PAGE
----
Ultimately, all karma — and this is our interpretation of the way it's explained in the Gita, in the Upanishads — all karma is neutral, there is no good karma and bad karma. The good and bad is a subjective interpretation, meaning the individual says “This is good for me or bad for me.” Like in your story of the farmer, the ordinary person believes in good or bad. The goodness or badness of things are in the situations themselves.

Debra Maldonado  05:44
When you see the situation, you're making an assumption from past experience of how to judge that situation.

Robert Maldonado  05:51
In reality, there is no good or bad. The proper interpretation, from our perspective, is that karma is neither good nor bad. It's an important element because the Gita explains that karma, or understanding karma is really understanding the secret of action, what is going on when we take action in the world.

Debra Maldonado  06:16
When we do our trainings, we talk about the person taking an action, then we judge the results from the ego’s perspective as positive or negative. Like anything else, if something's pleasurable, we're going to store that, if it's negative, we're going to store that in our conditioning, so we know how to predict the next time it happens. That is classic conditioning, but also karma. We are creating our own karma by our judgment of things.

Robert Maldonado  06:48
It's closer to what in psychology is called operant conditioning. Classical conditioning is considered a little bit more of association, like the things that are in the environment, when you get that reward or that punishment are pre-recorded as part of that negative or positive reaction.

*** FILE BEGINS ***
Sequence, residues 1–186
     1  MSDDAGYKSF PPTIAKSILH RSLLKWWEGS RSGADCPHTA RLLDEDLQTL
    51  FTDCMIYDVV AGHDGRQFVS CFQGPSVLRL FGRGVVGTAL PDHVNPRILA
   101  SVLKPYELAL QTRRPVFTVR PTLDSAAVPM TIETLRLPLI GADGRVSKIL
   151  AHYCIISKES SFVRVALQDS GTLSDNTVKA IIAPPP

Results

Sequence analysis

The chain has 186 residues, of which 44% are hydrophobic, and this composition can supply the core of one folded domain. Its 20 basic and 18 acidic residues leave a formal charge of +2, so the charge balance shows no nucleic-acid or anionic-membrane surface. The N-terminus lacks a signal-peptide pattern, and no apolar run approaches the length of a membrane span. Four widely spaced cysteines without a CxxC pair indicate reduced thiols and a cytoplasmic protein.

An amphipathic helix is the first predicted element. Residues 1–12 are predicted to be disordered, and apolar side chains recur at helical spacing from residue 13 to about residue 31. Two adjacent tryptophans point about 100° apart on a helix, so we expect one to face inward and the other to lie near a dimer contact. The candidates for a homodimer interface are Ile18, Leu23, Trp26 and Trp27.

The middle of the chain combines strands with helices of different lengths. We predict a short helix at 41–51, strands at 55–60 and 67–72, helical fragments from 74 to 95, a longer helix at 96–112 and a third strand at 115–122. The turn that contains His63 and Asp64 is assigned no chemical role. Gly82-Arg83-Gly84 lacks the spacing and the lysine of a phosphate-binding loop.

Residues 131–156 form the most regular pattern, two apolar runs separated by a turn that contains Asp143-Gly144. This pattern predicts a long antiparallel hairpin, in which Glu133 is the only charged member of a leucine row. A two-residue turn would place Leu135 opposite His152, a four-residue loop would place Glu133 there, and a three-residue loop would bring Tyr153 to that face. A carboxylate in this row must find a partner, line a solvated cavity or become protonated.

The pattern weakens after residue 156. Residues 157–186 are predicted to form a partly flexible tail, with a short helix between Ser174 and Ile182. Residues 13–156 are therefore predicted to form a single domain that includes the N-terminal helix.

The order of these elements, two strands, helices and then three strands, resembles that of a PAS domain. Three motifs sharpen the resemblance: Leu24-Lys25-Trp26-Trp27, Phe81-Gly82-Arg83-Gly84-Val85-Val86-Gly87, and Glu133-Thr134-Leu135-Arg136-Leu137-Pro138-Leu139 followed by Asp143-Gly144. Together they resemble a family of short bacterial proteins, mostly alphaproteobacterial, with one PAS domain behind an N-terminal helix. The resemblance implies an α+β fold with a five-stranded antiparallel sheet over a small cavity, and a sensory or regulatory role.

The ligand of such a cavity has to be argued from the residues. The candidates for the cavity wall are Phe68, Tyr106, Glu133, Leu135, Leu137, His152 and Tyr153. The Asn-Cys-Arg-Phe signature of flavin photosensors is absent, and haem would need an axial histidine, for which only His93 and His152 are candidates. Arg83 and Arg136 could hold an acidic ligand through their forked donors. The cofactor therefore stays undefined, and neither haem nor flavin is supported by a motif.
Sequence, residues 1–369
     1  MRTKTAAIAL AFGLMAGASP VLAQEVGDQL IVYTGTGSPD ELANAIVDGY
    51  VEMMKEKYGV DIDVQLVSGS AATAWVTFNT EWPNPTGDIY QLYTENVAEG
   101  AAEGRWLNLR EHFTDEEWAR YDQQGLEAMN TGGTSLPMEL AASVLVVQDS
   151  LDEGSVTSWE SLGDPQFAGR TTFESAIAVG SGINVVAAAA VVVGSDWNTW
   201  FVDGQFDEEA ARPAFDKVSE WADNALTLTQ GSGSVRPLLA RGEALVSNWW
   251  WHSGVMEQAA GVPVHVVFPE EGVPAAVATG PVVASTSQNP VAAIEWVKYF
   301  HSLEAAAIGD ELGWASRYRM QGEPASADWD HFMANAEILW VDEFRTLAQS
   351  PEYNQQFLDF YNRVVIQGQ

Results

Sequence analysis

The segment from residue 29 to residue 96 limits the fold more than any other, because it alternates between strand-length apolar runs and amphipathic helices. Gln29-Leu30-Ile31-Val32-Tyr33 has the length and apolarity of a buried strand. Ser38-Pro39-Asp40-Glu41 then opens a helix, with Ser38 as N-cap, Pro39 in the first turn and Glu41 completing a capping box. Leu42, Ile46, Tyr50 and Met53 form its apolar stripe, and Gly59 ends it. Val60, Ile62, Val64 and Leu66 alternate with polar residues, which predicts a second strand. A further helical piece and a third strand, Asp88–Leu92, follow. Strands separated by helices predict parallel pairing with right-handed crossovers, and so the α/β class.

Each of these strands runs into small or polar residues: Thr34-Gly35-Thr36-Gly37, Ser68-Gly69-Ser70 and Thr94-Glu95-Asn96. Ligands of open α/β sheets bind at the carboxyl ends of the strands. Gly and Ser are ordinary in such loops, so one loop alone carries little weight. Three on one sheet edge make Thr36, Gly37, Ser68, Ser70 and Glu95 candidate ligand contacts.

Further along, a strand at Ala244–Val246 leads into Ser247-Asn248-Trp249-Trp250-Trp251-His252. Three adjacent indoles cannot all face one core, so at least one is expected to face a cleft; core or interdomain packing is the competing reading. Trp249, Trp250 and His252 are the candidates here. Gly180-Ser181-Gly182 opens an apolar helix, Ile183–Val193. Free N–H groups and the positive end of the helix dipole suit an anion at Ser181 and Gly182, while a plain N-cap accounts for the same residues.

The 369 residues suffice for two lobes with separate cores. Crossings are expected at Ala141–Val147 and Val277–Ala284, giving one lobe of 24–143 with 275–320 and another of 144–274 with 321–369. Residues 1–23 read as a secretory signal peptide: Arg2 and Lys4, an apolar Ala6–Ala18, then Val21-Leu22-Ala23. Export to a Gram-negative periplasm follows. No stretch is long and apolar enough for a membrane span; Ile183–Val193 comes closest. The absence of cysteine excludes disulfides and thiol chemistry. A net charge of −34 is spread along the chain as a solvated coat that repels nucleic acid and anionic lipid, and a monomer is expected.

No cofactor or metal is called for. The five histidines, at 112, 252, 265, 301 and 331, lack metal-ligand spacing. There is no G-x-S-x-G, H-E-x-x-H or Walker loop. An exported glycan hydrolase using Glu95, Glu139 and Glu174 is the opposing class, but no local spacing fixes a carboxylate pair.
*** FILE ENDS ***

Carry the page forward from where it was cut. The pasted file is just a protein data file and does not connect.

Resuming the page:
Debra Maldonado  07:16
Isn't it a combination of both?

Robert Maldonado  07:18
Most things are, but operant conditioning is very similar to what the Gita describes as that conditioning effect that inaction has on you.

Debra Maldonado  07:31
It's really like an emotion, a pleasurable emotion or repulsion. We're working with attraction/repulsion balance all the time. We're taught, or we teach ourselves by early interaction of life what's pleasurable, what's not. As human beings, we have the same makeup biologically. Many of us have the assumption that fire feels hot, getting physically harmed is painful. We all share those things. But there's another element to what meaning we put behind it beyond just whether it's pleasurable or not.

Robert Maldonado  08:10
The meaning of it and the attachment that we have to things. Attachment plays into conditioning because it is our desire to get a certain result from the action.

Debra Maldonado  08:26
A pleasurable result?

Robert Maldonado  08:29
Most of the time but not always. Sometimes we take action just out of necessity, out of habit. But even when we take those actions and are attached to their result, they're having an impact on us. You can think of it as that action leaving a residue in your mind body that is stored. In Buddhism, they talk about how past karma begins to ripen at a certain time, it starts to play out in your life. It's very similar to that because if you think “All the actions I've taken in the past have left a residue in my mind body”, what happens is that I start to see the world through that lens, I start to act through those karmic imprints.

Debra Maldonado  09:32
Your ego’s assuming what to expect based on the past, then you're actually stepping into it. It's like you get what you expect or what you fear.

Robert Maldonado  09:41
Very similar to that because we know that past conditioning becomes a way of doing things, a way of acting in the world in this automatic way, because we never question it. We never become aware of what was my conditioning in the past, we simply assume that's the way things should be for us. If we think about potential, if you never work on your karma, if you never burn up that karma, if you never examined it, never bring it to awareness, you're essentially acting out of the limitations of your past, whatever you experienced in the past, the conditioning, whether it be for you, whether it be good, bad, or somewhere in between. The sum total of that is what you're going to bring into the present moment.

Debra Maldonado  10:50